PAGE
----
AMMAN: The European Union’s foreign policy chief assured Jordan of continued financial support Sunday, saying it’s an investment in an ally in the “most heated and difficult area of the world.”
Federica Mogherini’s visit to Jordan came days after the country’s prime minister quit amid widespread protests against a government austerity plan sought by international lenders, including proposed tax increases. The new prime minister says he will scrap the tax plan and devise a new one.
Jordan is increasingly in debt and dependent on foreign aid, at a time of economic downturn and growing unemployment, largely linked to regional crises. Jordan has absorbed hundreds of thousands of Syrian refugees in recent years, while trade with troubled neighbors has been disrupted.
Mogherini told a news conference with Jordanian Foreign Minister Ayman Safadi on Sunday that the European Union has given Jordan 1 billion euros ($1.18 billion) over three years, financing a range of programs in infrastructure, water and energy sectors as well as education.
She also announced that the EU would provide 20 million euros ($23.5 million) for social protection programs targeting vulnerable Jordanians.
Mogherini said Jordan can count on Europe.
“We are here not as a gesture of charity, if you allow me the expression, but as an investment,” she said, adding that Jordan is located “in probably the most heated and difficult area of the world.”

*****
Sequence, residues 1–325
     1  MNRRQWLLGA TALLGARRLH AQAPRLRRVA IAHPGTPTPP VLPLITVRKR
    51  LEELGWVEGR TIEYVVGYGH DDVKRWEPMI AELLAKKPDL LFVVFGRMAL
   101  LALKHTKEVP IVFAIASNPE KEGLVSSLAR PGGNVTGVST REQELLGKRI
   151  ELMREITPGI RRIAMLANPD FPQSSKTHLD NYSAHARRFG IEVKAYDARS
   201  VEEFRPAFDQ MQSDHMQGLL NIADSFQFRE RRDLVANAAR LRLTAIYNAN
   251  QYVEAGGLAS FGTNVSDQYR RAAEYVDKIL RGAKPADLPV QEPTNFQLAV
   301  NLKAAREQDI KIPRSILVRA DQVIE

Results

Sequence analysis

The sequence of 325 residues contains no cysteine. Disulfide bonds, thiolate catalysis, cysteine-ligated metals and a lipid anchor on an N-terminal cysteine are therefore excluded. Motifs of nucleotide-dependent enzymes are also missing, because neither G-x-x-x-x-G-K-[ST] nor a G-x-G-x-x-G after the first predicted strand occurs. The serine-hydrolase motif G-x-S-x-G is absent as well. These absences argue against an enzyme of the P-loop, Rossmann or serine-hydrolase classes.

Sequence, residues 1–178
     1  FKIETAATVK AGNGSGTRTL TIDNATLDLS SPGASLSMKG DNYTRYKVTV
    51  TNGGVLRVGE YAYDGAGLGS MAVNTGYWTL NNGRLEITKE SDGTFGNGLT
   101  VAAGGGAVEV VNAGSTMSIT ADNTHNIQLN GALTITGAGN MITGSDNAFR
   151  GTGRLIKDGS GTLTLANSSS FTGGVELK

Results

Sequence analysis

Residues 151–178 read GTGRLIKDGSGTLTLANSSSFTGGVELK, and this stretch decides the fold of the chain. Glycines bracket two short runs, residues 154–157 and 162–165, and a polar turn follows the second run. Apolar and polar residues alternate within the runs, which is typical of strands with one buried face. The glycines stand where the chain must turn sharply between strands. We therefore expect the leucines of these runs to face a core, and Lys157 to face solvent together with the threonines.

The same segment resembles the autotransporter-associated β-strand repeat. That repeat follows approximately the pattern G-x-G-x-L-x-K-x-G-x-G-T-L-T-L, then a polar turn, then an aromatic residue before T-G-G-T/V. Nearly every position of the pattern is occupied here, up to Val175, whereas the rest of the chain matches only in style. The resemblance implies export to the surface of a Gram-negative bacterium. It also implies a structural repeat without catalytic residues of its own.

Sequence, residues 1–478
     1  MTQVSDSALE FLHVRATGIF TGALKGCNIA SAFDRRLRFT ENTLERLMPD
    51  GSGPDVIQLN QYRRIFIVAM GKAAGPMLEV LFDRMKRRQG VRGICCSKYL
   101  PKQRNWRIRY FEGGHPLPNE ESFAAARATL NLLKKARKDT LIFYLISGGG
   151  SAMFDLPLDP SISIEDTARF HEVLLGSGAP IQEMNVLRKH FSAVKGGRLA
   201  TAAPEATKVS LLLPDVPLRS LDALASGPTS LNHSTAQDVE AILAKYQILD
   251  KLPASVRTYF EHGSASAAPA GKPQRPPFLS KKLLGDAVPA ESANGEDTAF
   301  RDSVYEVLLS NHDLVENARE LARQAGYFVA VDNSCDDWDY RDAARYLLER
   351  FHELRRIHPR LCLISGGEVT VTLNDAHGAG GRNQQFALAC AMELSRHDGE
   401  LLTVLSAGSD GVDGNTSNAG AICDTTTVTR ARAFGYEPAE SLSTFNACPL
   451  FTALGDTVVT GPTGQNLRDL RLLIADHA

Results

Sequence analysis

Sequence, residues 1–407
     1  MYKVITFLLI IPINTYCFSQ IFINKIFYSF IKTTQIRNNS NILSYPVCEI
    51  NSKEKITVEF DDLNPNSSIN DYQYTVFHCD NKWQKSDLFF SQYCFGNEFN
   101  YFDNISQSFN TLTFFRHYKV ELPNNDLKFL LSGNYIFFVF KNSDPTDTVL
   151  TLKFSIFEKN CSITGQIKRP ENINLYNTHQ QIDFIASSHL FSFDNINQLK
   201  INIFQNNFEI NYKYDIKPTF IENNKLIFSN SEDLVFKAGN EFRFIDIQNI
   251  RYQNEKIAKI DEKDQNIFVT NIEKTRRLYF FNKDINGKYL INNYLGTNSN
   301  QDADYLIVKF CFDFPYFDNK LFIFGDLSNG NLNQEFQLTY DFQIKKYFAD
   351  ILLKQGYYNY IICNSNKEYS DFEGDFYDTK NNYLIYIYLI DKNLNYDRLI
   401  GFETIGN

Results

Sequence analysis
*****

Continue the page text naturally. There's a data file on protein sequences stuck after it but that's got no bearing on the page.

“We understand the needs,” she said. “We understand the pressure, the urgency, and so we deliver our support.”
The EU foreign policy chief said it’s up to Jordan to devise its own reform program, but stressed the importance of dealing with tax evasion. The new prime minister, Omar Razzaz, has promised to formulate a new tax plan in consultations with various groups in Jordan.
Later Sunday, Saudi Arabia is to host a meeting among several Gulf Arab countries to offer support to Jordan. The Saudi Royal Court said the meeting in Makkah would include Saudi Arabia, Jordan, Kuwait and the United Arab Emirates.
In December 2011, the Gulf Cooperation Council pledged to give $2.5 billion in aid each to Jordan and Morocco, both of which had been invited to join the regional group that year.
The pledge from the GCC was to last five years. It expired last year and so far the GCC has yet to offer any additional funding as the bloc remains split by the diplomatic crisis engulfing Qatar.
Safadi said Sunday that Jordan appreciates the Saudi effort and that “we look forward to the results of today’s dialogue.” He did not address the issue of Gulf aid.